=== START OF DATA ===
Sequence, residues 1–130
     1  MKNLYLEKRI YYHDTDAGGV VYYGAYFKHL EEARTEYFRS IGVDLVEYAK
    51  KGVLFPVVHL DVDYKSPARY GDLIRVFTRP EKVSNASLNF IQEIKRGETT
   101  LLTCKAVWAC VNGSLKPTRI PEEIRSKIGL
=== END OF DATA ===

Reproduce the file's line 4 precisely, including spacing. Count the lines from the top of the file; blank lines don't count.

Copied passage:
   101  LLTCKAVWAC VNGSLKPTRI PEEIRSKIGL